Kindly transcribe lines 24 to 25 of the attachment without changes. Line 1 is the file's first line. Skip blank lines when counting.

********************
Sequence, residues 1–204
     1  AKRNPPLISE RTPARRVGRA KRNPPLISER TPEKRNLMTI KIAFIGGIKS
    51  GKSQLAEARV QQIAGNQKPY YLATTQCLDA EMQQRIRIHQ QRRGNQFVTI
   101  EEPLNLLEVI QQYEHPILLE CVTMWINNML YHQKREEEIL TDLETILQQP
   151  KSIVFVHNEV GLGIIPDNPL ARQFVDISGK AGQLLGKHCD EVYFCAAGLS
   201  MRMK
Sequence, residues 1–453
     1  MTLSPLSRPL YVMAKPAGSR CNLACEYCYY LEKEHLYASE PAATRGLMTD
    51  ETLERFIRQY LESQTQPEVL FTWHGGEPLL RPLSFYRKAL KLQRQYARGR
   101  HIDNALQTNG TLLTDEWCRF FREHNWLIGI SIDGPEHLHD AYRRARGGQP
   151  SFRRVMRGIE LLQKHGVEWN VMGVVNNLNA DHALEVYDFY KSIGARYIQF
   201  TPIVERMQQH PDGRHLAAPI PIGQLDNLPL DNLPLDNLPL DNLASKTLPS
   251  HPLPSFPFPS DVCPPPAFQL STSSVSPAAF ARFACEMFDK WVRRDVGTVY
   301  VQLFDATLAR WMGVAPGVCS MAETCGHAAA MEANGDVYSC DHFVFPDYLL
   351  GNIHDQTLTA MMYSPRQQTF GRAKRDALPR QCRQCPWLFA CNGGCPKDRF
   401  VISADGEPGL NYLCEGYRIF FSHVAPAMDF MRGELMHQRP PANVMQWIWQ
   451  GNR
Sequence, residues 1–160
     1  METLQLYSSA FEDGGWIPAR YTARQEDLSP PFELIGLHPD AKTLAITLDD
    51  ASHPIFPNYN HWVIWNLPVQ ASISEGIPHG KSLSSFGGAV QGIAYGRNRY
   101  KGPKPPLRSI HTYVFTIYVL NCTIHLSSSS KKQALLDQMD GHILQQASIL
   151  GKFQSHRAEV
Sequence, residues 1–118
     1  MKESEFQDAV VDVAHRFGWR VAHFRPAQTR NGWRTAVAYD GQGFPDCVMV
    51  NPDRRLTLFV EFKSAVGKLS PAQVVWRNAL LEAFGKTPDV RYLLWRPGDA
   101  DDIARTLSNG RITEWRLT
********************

     1  MKESEFQDAV VDVAHRFGWR VAHFRPAQTR NGWRTAVAYD GQGFPDCVMV
    51  NPDRRLTLFV EFKSAVGKLS PAQVVWRNAL LEAFGKTPDV RYLLWRPGDA